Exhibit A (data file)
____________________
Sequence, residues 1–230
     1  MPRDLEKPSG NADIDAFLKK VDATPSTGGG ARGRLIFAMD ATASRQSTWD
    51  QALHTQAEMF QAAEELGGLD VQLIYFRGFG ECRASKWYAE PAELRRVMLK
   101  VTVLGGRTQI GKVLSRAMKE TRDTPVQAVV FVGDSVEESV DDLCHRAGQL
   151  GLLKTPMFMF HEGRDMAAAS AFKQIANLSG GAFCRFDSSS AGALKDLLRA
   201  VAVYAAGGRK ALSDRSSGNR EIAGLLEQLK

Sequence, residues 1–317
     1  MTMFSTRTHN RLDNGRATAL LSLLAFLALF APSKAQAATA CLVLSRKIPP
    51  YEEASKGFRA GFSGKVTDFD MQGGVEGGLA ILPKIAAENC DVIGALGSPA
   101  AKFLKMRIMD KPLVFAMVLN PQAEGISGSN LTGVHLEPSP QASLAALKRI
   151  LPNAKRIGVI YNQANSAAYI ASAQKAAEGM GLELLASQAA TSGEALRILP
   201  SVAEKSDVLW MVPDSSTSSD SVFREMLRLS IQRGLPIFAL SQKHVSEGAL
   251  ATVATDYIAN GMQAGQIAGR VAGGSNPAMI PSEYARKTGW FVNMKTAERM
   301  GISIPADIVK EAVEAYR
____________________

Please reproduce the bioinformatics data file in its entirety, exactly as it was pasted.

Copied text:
Sequence, residues 1–230
     1  MPRDLEKPSG NADIDAFLKK VDATPSTGGG ARGRLIFAMD ATASRQSTWD
    51  QALHTQAEMF QAAEELGGLD VQLIYFRGFG ECRASKWYAE PAELRRVMLK
   101  VTVLGGRTQI GKVLSRAMKE TRDTPVQAVV FVGDSVEESV DDLCHRAGQL
   151  GLLKTPMFMF HEGRDMAAAS AFKQIANLSG GAFCRFDSSS AGALKDLLRA
   201  VAVYAAGGRK ALSDRSSGNR EIAGLLEQLK

Sequence, residues 1–317
     1  MTMFSTRTHN RLDNGRATAL LSLLAFLALF APSKAQAATA CLVLSRKIPP
    51  YEEASKGFRA GFSGKVTDFD MQGGVEGGLA ILPKIAAENC DVIGALGSPA
   101  AKFLKMRIMD KPLVFAMVLN PQAEGISGSN LTGVHLEPSP QASLAALKRI
   151  LPNAKRIGVI YNQANSAAYI ASAQKAAEGM GLELLASQAA TSGEALRILP
   201  SVAEKSDVLW MVPDSSTSSD SVFREMLRLS IQRGLPIFAL SQKHVSEGAL
   251  ATVATDYIAN GMQAGQIAGR VAGGSNPAMI PSEYARKTGW FVNMKTAERM
   301  GISIPADIVK EAVEAYR